(Extended version from that published in Communications Technology, June 1, 2009)
By John Downey and Brady Volpe
In Part I of this extended edition (original abbreviated version appeared in CT's March 2009 issue John and I discussed many general DOCSIS upstream issues that should be understood prior to deploying DOCSIS 3.0. In this post we will focus more specifically on DOCSIS 3.0 issues that will occur as you are deploying DOCSIS 3.0 or post -deployment.
DOCSIS 3.0 upstream US Considerations
When DOCSIS 2.0 Upstream speed is exhausted, then DOCSIS 3.0 Upstream can be implemented. Some considerations include:
DOCSIS 3.0 Upstream Issues
As with DS issues, there are also Upstream issues that need to be addressed. US bonding has not been pursued at this point because most people haven’t even exploited D2.0 US capabilities. This does not mean we should avoid the potential issues that will arise. Eventually, we will want to offer US speeds greater than what a single channel modem can offer of ~ 25 Mbps. This will require more US spectrum, D3.0 CMs, and CMTS linecards with US bonding capability. Some of the potential issues are:
The blue trace in Figure 1 below shows the case of strong laser clipping, while the green line represents a flat noise floor from the return path laser with no clipping. Note that this return has four bonded channels in the US.
Using Return Path monitoring tools like PathTrak or Cisco Broadband Troubleshooter (CBT) to view 5-65 MHz for apparent laser clipping as in the above figure is critical for ongoing preventative maintenance. Also needed is an analyzer that can read < 5 MHz for AM radio or ham radio ingress which can quickly leak into the network and contribute additional power to the return laser causing clipping, as well as cause problems at the input of the CMTS. PathTrak (RPM-3000 card only) also has the ability to demodulate and display live cable modem US constellations as seen in Figure 2 below.
This monitoring system also provides average, maximum, and minimum MER of DOCSIS 3.0 and lesser CMs on each node. In monitor mode it provides the ability to determine relative node quality. It can determine which node has better CM MER than another and during which time of the day MER is the worst, since historical analysis is built-in.
D3.0 CM Transmit Levels
To address the potential issue where a CM today transmits near max power of 54 dBmV for 64-QAM, the specification has changed the CMTS US port level setting to allow it to be 6 dB lower as shown in figure 3 below.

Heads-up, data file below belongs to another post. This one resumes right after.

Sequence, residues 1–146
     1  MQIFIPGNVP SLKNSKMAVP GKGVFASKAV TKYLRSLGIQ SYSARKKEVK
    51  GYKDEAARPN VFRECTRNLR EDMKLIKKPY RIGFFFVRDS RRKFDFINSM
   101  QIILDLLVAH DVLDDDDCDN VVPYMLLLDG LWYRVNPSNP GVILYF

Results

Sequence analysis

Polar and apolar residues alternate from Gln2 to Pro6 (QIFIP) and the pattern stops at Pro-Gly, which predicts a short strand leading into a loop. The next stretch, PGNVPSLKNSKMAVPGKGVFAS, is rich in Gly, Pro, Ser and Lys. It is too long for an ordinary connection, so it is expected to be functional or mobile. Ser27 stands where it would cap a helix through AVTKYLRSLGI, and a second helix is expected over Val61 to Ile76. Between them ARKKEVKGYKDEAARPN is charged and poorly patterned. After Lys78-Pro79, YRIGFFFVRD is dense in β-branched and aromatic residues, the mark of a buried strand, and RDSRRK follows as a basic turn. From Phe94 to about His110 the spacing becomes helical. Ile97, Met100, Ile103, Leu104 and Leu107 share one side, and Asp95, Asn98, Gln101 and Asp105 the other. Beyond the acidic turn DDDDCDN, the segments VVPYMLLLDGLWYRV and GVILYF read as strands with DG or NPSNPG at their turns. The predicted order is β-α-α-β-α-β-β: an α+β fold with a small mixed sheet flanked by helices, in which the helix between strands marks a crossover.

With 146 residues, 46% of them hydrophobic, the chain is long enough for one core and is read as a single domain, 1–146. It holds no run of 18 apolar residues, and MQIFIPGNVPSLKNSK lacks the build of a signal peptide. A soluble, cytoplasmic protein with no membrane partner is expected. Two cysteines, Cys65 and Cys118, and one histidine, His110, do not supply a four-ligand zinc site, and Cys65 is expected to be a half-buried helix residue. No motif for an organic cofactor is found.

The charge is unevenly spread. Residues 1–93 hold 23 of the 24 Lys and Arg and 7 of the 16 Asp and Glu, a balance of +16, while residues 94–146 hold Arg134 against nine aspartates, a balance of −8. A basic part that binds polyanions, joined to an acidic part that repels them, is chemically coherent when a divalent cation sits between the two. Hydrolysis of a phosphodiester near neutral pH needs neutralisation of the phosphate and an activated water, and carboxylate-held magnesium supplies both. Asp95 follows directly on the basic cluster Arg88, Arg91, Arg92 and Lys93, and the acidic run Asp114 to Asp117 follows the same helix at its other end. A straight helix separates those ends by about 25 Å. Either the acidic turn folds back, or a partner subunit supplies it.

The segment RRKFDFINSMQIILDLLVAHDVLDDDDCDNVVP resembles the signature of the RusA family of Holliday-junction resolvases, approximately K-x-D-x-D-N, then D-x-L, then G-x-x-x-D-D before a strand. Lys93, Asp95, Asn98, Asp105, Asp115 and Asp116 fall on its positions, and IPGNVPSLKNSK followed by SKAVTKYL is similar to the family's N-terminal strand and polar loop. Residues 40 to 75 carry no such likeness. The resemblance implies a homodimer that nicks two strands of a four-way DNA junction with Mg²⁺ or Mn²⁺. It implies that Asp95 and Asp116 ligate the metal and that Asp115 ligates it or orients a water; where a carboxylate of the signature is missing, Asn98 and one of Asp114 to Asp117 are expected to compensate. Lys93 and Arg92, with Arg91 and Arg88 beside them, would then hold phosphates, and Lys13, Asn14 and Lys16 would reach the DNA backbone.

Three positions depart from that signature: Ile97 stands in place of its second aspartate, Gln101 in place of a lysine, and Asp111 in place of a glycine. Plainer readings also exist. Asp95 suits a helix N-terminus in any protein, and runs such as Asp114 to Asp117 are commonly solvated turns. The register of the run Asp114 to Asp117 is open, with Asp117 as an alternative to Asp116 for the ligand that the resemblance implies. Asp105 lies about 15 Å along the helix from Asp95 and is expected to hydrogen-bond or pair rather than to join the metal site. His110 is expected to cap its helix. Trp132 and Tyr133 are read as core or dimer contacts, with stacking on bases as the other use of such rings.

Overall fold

This means the CMTS can be set lower so modems can be placed on those high value taps without changing HE or plant losses. This is at the expense of lower MER/SNR readings. The lowest setting on the CMTS today is -1 dBmV for 6.4 MHz wide channel. The range allowed on the CMTS is dictated by DOCSIS 2.0 and lower and says -1 to + 29 dBmV for 6.4 MHz and related to channel width, also known as symbol rate or baud. D3.0 identified this potential issue and forced D3.0 CM vendors to support a transmit level of 3 dB higher than the 2.0 spec. Therefore, 64-QAM has to transmit at least a maximum output of 57 dBmV with a single channel.
To keep the CM inexpensive and act as a constant power device, the max output will be dictated by how many US frequencies are active on the port (known as TCS for transmit channel set) and the highest modulation used. Four channels stacked will be 57-6 = 51 dBmV per ch. So, the overall effect from 2.0 to 3.0 is really a 3 dB difference. The spec lowered the nominal setting allowed on the CMTS so cable operators didn’t need to lower tap faceplates or drop padding on every US port on the CMTS to keep D3.0 CMs online if they maxed out. Most systems will leave the default of 0 dBmV configured and adjust padding appropriately. Cisco has a command to keep CMs online that are maxed out, power-adjust continue 4 (default). Many customers set it to 6 dB to give more room to work with.
When fiber is run deeper into the network as in the case of RF over Glass (RFoG) or DOCSIS Passive Optical Networks (DPON), a new conundrum is raised. Many of these architectures will incorporate 32-way optical splitter/combiners. Having a laser Tx in your house combined with 32 other houses feeding 1 Rx in the HE is addressed with lasers timed with the actual traffic from the house; unlike how it is done today where the US laser is on all the time. Having US bonding and/or load balancing presents a potential issue where an US laser could be transmitting the same time as another US laser. This may be address with the fact that even though multiple lasers are transmitting the same instant in time, if they are carrying different frequencies, then it may be acceptable. The next question, will S-CDMA pose the same problems? This multiplexing scheme allows multiple modems to transmit the same instant in time.